While some of us may be confined to a cubicle, the working world is developing a more lax attitude about where people conduct their day to day business. A 2015 Gallup poll found that the average worker now telecommutes at least two days per month (though 80-90% of the workforce has expressed a desire for the privilege multiple times a week). And while that trend flourishes, so too does the power of the magnet that pulls Millennials, the largest segment of our workforce, away from “standard holidays” and towards immersive excursions lasting more than two months. Right at the intersection of these two trends and the co-working space boom, Roam has been born.
The company, which was dreamed up in 2015, has been turning heads since raising $3.4 million in seed funding earlier this year. Roam defines itself as a co-living provider – an international network of communal living spaces – with locations around the world. Instead of paying rent for a single apartment or condo, Roamers have the opportunity to pay to live not just anywhere nice, but eventually everywhere beautiful. “Sign one lease, live around the world,” as they put it.
Have you ever wanted to polish up a PowerPoint from the rooftop of a contemporary refuge in Bali?
Or have a cup of coffee and a morning meeting from the oldest boarding house in Little Havana, Miami?
Or perhaps edit a spreadsheet from a small palace in Madrid?
Then you may want to consider swapping that rent check for a Roam subscription.
How To Roam And How Much It Costs
As it goes with any rentable space, Roam asks you to submit an application if you’re interested in becoming a “tenant.” In the application, you’re asked to select one of two options: “Give It a Try” or “Start Roaming.”
“Give It a Try” costs $500 a week. You’re allowed to live in one of Roam’s spaces on a weekly basis, depending on your needs. “Start Roaming,” which costs $1800 per month, gives you the option to select a Roam space to claim as your own for an extended period of time.
With either option, your Roam home will come with “battle-tested Wi-Fi,” all utilities, a fully furnished private room and bathroom, and co-working space. You’ll also find unlimited access to communal spaces, such as a kitchen and laundry facilities – some also offer pools, media rooms and event space.
As far as destinations go, Roam is in Ubud, Bali and Miami and will soon be extending its network to London and Buenos Aires.
The Fine Print
Once your application has been accepted by Roam, you can book a room at one of its locations, hotel style. While Roam doesn’t have a required number of days or months you must stay, the startup recommends sticking around for a while, as it helps build a stronger community.
Pets and children may be brought, depending on the location, but Roam asks that applicants mention it up front. Up to two people are allowed to share a room, and all prices are according to room (rather than by person). The startup notes that each Roam space is “much bigger than a house.” This means that even if you aren’t keen on the idea of communal living, Roam works hard to ensure that a large, diverse community can thrive in its locations.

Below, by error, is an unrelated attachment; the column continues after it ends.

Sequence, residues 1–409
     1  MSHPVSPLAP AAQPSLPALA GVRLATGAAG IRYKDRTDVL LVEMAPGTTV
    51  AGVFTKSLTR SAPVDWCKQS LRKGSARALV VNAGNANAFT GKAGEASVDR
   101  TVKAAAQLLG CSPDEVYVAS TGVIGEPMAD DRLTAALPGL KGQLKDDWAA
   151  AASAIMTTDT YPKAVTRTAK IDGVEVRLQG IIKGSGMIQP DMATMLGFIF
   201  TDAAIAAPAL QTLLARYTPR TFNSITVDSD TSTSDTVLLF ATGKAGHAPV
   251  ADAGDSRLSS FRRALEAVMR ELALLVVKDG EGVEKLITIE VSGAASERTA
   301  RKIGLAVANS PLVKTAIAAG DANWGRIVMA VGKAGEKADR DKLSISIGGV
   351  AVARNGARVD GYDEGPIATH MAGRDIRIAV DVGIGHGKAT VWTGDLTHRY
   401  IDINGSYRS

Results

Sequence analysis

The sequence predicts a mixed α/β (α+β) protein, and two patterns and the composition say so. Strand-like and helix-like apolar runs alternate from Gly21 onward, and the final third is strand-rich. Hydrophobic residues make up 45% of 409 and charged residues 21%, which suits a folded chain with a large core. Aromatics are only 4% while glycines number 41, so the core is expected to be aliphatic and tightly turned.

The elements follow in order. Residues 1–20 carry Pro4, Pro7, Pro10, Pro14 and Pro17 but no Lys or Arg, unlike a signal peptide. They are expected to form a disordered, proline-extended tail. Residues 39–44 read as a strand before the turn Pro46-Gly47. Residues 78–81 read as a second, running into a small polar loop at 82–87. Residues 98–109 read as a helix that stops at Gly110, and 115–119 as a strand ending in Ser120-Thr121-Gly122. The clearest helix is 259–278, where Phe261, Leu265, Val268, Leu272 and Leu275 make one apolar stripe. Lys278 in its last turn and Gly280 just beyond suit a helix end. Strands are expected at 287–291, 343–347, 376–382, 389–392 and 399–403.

They are currently running a program, available for up to 20 people, the includes a six week or three month “Explorer” experience; access to all locations, in any order desired, supported by Roam staff with assistance in logistics, renting existing residences while away, and navigating any necessary visa processes.
For those who don’t yet have a Roam-adaptable job, the startup recommends signing up for its newsletter for tips on finding the perfect “location-independent job.” As for everyone else, the shift toward a more telecommute-friendly future is already happening; since 1995, the telecommuting rate has increased four-fold. If the trend continues, Roam is seemingly poised for success, and you for a much more tolerable landlord.
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Will there be child-free options? I wouldn’t want to be working from “home” and having the noise of other people’s children and pets running around.
Jonathan Kelso says
I see that the options are limited so far, but I can see the draw if there are more, even more exotic locations.
Alan Wilson says
It seems to me that Roam would have a TON of paperwork to accomplish for this program to work. It sounds nice to get out in the world with your job, but I am afraid the fine print would be what freaks me out.
Eric Brooks says
It sure does seem like more jobs are going this way. I just think about the class that I graduated with and how many of them become parents and all of a sudden, they can do their job from home. Its a great thing.
Terri Thomas says
That has something to do with my question. Are you moving my whole family to Miami?